Kegerator Tower Cooling: An alternative chilling system

I’m proud to say that as of 2021, I’ve been brewing for twenty years. I spent the first decade of those years producing kits and bottling in flip tops. I read about all-grain brewing processes for longer than I’d care to admit prior to moving away from extract kits. Once I attended my first homebrew club meeting I made the jump to all-grain. Tired of washing bottles and bottling, I promptly made the jump to kegging and haven’t looked back. Bottling is still my least favorite brewing-related activity. I installed my first kegerator in 2014 (pictured below), as an under-counter install. Keeping the tower cool was a challenge, since this kegerator didn’t have anything in place to do so. Relying only on convection led to many a foamy first beer dispense. I put my engineer brain to work to ponder several options.

Photos by Greg Paterson

Several were recently published in the November 2020 BYO “Advanced Brewing” column; two options mentioned are having a forced air fan, and a glycerol (glycol) recirculating pump. I’m here to tell you there’s another option that is easy to build, inexpensive, and solid state. I built a copper pipe heat sink that keeps my beer lines and tap faucets chilled. The copper wire and pipes conduct heat away from the tower and taps to the fridge’s chilling system. From there the heat is transferred to the refrigerant system. I’ve been through three iterations to get to what I’m presenting here. Each has improved on the last in terms of cooling capability and results.

Copper has a high heat transfer coefficient, and we’ll be using that physical property to our advantage. See the following table for the thermal conductivity of other materials. Given the ubiquity of copper in plumbing and wiring, it’s an ideal choice for this project. Over the many years my heat sinks have been in operation, I have yet to observe any corrosion of the copper despite the moisture often present on the fridge surfaces. I credit the low temperatures slowing the oxidation reaction.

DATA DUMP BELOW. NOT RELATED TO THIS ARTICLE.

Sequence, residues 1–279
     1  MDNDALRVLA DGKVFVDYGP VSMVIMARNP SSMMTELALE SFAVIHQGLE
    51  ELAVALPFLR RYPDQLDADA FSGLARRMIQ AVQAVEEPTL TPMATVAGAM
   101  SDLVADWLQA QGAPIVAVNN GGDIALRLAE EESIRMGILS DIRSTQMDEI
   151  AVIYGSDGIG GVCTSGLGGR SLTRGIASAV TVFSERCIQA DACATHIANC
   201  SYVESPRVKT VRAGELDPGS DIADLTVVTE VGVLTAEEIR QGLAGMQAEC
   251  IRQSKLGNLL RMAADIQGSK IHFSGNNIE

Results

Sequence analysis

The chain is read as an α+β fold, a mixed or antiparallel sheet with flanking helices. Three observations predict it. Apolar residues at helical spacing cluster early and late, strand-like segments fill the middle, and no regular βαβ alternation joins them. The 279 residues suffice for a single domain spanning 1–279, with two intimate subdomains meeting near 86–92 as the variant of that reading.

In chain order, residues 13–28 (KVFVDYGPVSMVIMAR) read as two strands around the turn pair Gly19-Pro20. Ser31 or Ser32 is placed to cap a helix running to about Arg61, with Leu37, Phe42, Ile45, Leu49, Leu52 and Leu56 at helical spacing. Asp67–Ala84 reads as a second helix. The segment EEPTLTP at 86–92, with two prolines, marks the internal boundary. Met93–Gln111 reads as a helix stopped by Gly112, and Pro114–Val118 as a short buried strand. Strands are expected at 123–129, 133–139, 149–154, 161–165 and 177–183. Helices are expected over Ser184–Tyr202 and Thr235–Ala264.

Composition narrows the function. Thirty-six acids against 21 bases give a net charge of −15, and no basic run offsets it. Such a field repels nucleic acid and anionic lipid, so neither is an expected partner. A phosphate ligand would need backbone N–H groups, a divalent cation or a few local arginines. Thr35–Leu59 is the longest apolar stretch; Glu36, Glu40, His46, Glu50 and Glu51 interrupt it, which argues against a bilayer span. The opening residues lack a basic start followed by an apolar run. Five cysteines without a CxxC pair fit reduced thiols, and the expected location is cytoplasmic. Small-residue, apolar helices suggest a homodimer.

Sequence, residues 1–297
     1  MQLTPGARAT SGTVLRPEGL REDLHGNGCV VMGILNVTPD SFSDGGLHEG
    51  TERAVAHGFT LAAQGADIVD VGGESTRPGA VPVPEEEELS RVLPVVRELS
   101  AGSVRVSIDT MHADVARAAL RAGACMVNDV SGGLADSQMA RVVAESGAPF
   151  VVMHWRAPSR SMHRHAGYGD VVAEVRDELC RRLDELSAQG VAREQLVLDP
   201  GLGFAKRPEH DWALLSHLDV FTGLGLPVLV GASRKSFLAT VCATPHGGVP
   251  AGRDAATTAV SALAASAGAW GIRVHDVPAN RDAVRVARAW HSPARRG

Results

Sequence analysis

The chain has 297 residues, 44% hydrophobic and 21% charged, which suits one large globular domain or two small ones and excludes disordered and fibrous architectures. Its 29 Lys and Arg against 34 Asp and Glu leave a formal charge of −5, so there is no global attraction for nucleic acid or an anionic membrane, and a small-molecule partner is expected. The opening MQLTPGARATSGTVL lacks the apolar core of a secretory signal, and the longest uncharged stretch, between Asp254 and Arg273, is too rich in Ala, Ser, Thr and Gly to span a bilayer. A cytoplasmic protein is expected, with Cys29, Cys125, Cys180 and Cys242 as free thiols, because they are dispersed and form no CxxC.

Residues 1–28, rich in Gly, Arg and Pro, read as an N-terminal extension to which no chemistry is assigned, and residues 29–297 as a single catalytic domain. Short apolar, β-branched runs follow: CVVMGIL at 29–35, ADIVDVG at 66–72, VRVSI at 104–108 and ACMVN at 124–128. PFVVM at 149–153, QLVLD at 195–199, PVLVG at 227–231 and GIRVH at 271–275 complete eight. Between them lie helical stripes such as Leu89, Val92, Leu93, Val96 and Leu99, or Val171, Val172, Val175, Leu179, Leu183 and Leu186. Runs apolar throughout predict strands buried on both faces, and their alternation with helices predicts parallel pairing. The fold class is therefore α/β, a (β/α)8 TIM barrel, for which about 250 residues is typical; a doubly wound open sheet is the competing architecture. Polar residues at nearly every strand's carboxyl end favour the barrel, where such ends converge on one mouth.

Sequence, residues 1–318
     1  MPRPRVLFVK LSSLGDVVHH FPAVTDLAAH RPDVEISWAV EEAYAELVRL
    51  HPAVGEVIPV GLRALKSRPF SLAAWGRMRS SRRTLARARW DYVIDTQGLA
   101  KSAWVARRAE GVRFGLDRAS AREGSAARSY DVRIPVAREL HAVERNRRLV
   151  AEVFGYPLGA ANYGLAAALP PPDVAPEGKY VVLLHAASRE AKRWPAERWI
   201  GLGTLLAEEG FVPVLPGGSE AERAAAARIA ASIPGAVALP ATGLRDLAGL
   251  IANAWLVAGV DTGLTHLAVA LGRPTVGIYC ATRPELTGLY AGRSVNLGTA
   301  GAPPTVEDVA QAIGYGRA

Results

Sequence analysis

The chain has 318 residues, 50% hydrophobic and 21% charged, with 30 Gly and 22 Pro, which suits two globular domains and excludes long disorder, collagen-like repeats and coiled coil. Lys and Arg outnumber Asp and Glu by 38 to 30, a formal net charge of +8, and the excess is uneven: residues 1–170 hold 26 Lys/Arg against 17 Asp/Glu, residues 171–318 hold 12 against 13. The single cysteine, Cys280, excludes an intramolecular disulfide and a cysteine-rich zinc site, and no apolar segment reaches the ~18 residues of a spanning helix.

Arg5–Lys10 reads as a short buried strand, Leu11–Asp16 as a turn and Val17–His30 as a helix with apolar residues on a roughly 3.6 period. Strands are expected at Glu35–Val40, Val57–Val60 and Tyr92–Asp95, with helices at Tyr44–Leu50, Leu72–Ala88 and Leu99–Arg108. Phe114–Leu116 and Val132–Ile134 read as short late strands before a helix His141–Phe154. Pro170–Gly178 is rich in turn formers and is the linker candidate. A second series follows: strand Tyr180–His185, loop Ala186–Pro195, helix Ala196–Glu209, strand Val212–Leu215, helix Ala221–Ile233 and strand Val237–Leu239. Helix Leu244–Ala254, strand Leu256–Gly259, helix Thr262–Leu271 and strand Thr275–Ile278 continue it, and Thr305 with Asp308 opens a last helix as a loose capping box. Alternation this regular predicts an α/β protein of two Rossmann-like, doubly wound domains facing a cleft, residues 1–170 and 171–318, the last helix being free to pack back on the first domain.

There are a few things to keep in mind when starting a project like this. First, you want the mass of the cold side (attached to the fridge evaporator) to be larger than that of the warm side (up the tower). This will help ensure the net movement of heat away from your faucets. The second is to allow room for all of your tap lines. In this project I only have two 5-mm ID (3⁄16-in.) vinyl lines, so the inner diameter of a 1-in. trade-size copper pipe allows them to fit nicely. Note that they don’t fit with the compression fittings on, so plan accordingly.

Tools and Materials

  • Kegerator with tower-
  • mounted faucets
  • 5 ft. (1.5 m) ½-in. copper pipe
  • 6 in. (40 cm) 1-in. copper pipe
  • (5) ½-in. copper elbows
  • (1) ½-in. copper tee
  • (1) 1-in. to ½-in. branched tee
  • Zip ties
  • Zip tie mounts
  • 12 in. (30 cm) 14-gauge
  • copper wire